Throughout the spring, summer and fall, you’ve worked hard to protect your beautiful expanse of lush green lawn. You’ve raked, aerated, fertilized, watered and even mulched your grass until it achieved perfect health and a magazine-worthy appearance. But on the first winter day when that heavy snow dump suddenly arrives, your masterpiece disappears under a thick, white blanket.

That’s when the snow plowing starts and mounds pile up. There’s one problem, though, and it’s a big problem. Your snow plow operator has no reference point to tell where the roadway ends and your lawn edge begins. Your lawn and every other hidden entity are at risk of being struck by the plow blade.

However, you can easily avoid this costly damage by staking your lawn for the winter.



You’re probably wondering what staking your lawn is. You’re also likely questioning why people do stake their lawns and why staking your lawn in the winter is important. Staking lawns is a simple and economical method of identifying boundaries where your lawn meets the road or path edge. This clearly demarcates where a snow plow operator can safely travel without striking a hidden hazard or valuable soft surface like your lawn.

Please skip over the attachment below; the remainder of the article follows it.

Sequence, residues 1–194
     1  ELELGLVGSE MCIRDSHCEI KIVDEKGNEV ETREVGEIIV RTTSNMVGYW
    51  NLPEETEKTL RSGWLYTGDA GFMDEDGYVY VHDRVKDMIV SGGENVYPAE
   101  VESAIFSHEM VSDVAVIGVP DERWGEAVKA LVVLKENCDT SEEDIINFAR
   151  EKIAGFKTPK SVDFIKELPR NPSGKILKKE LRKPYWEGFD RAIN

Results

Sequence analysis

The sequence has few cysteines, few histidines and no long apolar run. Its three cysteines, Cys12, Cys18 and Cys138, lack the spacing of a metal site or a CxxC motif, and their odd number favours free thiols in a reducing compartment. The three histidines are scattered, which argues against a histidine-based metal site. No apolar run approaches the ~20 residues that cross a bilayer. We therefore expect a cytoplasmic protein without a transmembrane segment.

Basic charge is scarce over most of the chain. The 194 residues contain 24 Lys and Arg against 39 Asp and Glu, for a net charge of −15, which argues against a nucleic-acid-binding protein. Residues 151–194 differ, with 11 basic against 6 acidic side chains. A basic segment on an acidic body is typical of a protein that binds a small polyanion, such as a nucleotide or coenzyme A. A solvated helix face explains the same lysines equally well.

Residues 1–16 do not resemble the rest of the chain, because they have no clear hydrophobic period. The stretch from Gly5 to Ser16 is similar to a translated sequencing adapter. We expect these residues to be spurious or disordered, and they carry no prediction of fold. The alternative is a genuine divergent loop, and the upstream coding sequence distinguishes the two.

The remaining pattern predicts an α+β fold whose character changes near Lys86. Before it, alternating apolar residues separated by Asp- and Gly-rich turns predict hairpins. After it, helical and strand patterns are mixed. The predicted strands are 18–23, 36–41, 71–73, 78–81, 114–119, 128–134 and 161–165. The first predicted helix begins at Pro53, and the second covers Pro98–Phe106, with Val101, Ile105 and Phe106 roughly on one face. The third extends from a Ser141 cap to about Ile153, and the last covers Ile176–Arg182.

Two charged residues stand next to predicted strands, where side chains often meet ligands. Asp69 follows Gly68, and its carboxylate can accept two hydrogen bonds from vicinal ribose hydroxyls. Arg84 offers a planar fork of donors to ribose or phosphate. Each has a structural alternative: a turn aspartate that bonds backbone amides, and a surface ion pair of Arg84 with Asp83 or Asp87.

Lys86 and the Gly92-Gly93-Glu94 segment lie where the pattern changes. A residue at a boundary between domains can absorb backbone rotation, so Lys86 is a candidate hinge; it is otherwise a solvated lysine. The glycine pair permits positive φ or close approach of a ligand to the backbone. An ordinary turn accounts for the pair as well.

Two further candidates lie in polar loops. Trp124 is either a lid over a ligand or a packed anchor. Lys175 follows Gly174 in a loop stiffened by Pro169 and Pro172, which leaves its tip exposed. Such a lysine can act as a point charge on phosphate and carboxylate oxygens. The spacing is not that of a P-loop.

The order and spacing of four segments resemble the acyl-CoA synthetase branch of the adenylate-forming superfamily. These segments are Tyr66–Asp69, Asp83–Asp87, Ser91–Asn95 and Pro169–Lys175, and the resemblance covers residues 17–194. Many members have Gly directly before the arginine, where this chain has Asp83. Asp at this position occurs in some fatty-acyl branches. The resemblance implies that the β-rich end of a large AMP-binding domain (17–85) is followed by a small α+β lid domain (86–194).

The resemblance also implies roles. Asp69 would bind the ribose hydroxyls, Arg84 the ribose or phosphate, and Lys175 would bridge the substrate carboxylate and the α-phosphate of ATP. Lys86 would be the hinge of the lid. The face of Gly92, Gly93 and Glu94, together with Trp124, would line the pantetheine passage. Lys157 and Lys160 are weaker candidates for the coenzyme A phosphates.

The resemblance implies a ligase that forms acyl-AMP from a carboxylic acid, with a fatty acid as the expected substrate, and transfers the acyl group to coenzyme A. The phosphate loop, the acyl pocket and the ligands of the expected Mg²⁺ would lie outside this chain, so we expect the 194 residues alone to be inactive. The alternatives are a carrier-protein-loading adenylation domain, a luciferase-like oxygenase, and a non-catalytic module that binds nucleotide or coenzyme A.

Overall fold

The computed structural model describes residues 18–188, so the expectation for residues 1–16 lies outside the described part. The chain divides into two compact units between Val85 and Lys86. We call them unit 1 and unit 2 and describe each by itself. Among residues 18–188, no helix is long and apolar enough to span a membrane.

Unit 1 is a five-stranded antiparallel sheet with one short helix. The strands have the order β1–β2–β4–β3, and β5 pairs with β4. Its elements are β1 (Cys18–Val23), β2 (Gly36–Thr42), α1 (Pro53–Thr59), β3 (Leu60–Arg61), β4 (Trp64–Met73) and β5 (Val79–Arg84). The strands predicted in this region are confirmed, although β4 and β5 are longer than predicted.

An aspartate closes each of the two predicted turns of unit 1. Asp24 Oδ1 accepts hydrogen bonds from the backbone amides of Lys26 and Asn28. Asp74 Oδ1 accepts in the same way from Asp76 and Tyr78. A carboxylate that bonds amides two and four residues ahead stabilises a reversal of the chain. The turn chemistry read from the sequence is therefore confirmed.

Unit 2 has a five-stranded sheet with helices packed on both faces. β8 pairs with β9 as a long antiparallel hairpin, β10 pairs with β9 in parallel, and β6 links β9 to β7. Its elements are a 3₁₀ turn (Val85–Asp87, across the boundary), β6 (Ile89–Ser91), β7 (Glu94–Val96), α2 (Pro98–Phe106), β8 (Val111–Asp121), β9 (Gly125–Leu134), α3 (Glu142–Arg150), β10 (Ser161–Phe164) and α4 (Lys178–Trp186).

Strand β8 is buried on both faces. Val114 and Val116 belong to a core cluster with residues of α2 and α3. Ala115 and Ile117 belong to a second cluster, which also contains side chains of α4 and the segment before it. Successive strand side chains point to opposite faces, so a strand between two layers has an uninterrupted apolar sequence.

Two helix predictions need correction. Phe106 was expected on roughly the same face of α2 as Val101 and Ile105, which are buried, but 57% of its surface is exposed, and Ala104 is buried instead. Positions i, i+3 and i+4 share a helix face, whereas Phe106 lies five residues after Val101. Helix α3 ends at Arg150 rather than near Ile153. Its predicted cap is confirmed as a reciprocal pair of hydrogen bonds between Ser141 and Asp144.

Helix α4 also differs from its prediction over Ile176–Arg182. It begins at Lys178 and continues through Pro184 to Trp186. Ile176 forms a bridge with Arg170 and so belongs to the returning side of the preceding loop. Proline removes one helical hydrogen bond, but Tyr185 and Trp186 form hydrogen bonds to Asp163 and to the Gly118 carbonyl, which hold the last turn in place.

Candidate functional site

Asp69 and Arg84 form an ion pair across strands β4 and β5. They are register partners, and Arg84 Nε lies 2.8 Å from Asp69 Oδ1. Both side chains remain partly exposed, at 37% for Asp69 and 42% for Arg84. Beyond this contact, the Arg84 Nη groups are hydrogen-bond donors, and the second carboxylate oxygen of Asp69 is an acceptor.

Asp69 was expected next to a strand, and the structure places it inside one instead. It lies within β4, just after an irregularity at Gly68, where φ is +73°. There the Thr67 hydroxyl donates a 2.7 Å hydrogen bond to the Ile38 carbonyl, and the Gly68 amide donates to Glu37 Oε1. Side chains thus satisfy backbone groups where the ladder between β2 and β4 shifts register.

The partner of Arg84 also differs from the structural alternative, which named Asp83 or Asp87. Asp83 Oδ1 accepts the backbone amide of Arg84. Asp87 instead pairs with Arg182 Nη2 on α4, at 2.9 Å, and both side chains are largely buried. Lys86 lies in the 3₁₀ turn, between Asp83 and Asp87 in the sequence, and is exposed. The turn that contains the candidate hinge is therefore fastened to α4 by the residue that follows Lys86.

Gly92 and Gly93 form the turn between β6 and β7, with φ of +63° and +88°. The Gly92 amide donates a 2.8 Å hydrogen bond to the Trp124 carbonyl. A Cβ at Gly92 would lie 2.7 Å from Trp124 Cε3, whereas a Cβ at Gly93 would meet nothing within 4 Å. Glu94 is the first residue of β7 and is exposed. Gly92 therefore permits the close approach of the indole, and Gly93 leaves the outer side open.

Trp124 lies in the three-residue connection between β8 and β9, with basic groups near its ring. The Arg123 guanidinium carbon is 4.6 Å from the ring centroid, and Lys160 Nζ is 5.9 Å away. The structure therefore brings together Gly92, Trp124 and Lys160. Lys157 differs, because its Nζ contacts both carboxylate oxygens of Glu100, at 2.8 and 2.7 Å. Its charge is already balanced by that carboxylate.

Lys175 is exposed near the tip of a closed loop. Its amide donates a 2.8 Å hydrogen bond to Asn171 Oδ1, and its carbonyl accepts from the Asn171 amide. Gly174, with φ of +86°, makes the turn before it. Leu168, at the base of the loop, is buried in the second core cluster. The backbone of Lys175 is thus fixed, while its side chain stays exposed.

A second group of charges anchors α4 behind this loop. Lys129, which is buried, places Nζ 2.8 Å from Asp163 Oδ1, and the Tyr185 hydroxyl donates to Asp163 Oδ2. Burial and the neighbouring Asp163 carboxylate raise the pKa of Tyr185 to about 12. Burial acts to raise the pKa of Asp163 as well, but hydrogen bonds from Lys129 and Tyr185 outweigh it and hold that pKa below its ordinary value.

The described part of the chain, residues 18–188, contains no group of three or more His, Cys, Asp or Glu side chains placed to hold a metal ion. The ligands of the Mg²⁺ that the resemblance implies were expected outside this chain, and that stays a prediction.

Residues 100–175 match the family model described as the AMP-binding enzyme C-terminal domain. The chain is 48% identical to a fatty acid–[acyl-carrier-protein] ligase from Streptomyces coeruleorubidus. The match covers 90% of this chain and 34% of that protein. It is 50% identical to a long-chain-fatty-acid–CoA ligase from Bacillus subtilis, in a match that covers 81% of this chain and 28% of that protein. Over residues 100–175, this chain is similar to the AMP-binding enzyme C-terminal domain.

Every winter, expensive damage happens when plow drivers accidentally strike snow-covered objects. Operators don’t intend on creating problems for homeowners. They’re working with all good intentions, but they might unknowingly hit objects that aren’t visible or marked. Snow plow operators can damage more than your property, too. Connecting with a solid surface like a rock or concrete curb can seriously damage their machinery as well.

No one wants to lay fault or blame for these snow-covered mishaps. That’s no value for any side. But, the reality is that snow plow strikes are expensive, and someone has to absorb the repair bills. Using snow stakes, also called driveway markers, is that ounce of prevention worth pounds of cure.

Snow stakes are tall, thin poles you insert in the ground to identify objects and edges that become covered by winter’s snowfall. These simple visual aids are one of the best tips for easy snow plowing you can get. The idea is so simple. Snow stake markers are common in large snowfall areas that need human snow removal rather than waiting for Mother Nature to melt it away.

Staking your grassy boundaries is prime lawn protection. A plow operator has no reference point where your lawn starts and the road they’re plowing stops when a continuous white sheet makes delineation impossible to see. But a series of highly visible stakes sticking far above the snow surface simply can’t be missed. Stakes are the cheapest insurance you can buy for the best preventive return.



Lawn edges aren’t the only thing snow stakes protect. Marking stakes are used for identifying all sorts of valuable structures, live plants and immovable hazards. Stakes are handy to mark out: